Woman killed in grain elevator fall identified

A memorial outside the Bunge grain elevator
A small memorial was set outside the abandoned Bunge grain elevator after Emily Roland, a University of Minnesota student, died when she fell in the Como neighborhood elevator in Minneapolis, Minn. The elevator was photographed Tuesday, June 9, 2015.
Jeffrey Thompson | MPR News

Updated: 8:00 p.m. | Posted: 4:37 p.m.

The Hennepin County Medical Examiner has identified a woman who died after a fall in a Minneapolis grain elevator Saturday.

Emily Roland, 20, of Cottage Grove died from multiple blunt-force injuries. University of Minnesota spokesperson Joe Koktan said Roland was a sophomore enrolled in the College of Liberal Arts.

The Minneapolis Fire Department said Roland was in the abandoned grain Bunge elevator in the Como neighborhood of the city when she fell nearly three stories inside the building.

Paul Williams, president of Project for Pride in Living, a non-profit housing developer that bought the elevator in 2006, said addressing security at the Bunge grain elevator is a top priority, something his organization has always taken seriously.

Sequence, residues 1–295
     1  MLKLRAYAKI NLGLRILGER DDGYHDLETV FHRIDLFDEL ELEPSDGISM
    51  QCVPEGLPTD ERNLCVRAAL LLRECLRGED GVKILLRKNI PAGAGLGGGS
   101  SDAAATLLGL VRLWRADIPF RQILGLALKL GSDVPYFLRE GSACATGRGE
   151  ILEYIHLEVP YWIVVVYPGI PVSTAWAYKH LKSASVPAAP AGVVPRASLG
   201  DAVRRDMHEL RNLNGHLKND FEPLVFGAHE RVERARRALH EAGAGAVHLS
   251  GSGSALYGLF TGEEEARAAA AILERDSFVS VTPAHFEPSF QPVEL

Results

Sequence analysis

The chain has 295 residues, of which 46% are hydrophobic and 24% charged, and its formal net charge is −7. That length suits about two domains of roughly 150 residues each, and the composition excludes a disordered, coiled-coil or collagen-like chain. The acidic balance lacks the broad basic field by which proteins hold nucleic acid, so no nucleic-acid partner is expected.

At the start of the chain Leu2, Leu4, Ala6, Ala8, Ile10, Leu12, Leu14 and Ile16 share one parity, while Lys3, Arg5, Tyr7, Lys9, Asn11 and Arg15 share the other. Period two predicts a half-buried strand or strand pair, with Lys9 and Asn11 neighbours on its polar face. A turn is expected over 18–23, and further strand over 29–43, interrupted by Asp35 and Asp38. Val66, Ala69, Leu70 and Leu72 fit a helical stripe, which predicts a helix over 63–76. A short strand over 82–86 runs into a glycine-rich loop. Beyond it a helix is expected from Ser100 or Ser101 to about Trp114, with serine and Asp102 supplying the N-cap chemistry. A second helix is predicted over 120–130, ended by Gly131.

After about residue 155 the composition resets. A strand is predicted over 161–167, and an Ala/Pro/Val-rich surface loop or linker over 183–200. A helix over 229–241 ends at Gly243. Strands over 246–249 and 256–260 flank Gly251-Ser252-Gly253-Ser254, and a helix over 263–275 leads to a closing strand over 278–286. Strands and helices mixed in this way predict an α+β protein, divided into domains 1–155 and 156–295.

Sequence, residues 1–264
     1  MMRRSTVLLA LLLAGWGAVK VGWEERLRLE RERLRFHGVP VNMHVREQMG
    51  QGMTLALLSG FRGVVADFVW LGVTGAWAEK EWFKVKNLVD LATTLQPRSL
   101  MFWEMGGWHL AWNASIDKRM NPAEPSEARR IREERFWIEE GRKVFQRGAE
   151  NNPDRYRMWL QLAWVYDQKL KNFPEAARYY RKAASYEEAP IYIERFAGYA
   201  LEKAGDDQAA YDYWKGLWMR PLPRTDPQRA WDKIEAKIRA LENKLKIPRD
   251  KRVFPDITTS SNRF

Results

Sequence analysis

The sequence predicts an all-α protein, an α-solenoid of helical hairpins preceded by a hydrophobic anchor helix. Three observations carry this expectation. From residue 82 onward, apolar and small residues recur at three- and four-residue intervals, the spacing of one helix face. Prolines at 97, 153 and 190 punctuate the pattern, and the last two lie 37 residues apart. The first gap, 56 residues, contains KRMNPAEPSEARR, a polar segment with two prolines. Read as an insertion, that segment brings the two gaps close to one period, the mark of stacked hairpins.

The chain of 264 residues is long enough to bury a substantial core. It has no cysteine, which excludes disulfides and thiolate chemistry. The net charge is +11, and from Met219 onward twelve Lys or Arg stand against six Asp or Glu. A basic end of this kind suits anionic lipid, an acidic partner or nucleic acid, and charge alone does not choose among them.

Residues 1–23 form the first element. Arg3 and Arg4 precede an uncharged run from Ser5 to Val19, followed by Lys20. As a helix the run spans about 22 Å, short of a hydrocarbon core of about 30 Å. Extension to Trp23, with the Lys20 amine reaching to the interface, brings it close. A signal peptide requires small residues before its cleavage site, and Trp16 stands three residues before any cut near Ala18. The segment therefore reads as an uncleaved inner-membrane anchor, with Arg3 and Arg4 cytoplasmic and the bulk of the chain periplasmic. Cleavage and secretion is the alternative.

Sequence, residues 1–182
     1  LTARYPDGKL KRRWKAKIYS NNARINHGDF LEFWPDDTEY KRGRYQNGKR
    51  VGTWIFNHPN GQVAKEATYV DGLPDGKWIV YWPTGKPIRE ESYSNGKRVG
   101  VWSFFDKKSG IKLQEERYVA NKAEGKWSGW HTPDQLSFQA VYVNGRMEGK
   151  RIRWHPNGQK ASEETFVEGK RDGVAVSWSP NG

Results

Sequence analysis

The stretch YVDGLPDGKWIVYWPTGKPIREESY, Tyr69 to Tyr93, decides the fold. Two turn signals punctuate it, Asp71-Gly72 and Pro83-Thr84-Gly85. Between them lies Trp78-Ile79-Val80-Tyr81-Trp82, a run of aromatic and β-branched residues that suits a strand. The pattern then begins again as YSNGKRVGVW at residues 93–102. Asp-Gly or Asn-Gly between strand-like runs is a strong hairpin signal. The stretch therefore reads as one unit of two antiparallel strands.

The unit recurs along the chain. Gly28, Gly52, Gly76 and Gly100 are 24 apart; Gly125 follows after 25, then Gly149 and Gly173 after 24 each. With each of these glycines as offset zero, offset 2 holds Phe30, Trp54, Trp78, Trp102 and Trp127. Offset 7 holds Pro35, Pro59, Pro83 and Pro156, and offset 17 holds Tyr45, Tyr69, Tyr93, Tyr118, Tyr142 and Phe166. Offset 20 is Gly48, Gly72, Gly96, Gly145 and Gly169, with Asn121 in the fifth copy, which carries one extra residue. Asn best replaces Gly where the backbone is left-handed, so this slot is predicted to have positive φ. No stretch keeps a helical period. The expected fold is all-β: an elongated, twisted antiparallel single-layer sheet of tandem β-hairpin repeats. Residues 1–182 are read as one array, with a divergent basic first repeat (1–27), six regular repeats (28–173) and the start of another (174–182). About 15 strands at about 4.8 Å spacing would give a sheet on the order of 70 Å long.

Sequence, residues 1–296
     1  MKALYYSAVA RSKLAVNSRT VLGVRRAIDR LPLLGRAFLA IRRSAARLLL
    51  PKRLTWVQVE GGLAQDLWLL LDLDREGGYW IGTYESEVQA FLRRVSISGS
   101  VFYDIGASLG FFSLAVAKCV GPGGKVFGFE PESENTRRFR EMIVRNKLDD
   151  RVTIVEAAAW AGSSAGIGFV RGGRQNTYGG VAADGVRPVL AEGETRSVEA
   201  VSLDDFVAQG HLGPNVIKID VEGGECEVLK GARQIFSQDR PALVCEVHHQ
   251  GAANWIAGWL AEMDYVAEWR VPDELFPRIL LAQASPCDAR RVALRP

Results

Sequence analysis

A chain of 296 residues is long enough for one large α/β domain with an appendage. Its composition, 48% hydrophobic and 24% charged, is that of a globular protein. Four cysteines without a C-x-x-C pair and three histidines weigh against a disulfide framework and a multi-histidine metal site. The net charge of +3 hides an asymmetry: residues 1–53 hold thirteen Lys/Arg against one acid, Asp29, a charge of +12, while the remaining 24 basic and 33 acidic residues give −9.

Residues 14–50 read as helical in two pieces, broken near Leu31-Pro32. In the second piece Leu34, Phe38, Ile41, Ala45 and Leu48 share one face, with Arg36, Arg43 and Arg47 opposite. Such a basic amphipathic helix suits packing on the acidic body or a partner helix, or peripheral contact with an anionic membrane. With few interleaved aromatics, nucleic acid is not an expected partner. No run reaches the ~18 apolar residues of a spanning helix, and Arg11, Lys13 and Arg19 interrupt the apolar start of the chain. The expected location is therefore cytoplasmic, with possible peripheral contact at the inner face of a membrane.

Before you keep reading ...

MPR News is made by Members. Gifts from individuals fuel the programs that you and your neighbors rely on. Donate today to power news, analysis, and community conversations for all.

The abandoned Bunge grain elevator
The Minneapolis Fire Department said Emily Roland, a University of Minnesota student, died when she fell in the abandoned Bunge grain elevator in the Como neighborhood of Minneapolis, Minn. The elevator was photographed Tuesday, June 9, 2015.
Jeffrey Thompson | MPR News

"We've welded some of those doors and windows shut. We've had different coverings over. We've had a fence that's been up that continually gets pulled down or gets cut. We have our own security that four to five times a week actually checks in," he said. "It's an ongoing challenge, and we've been really diligent about it."

In 2006, before Project for Pride in Living bought the elevator, another person died at the site from a similar fall.

Williams said the nonprofit would consider demolishing the grain elevator.

Minneapolis Fire Deputy Chief Todd White said while the structure is standing empty, it will be difficult to keep people out.

"No matter what the owner does, or whoever has it, outside of 24 hour security, they're a curious object to children, young adults, transients," White said. "They get inside and don't realize the dangers and perils."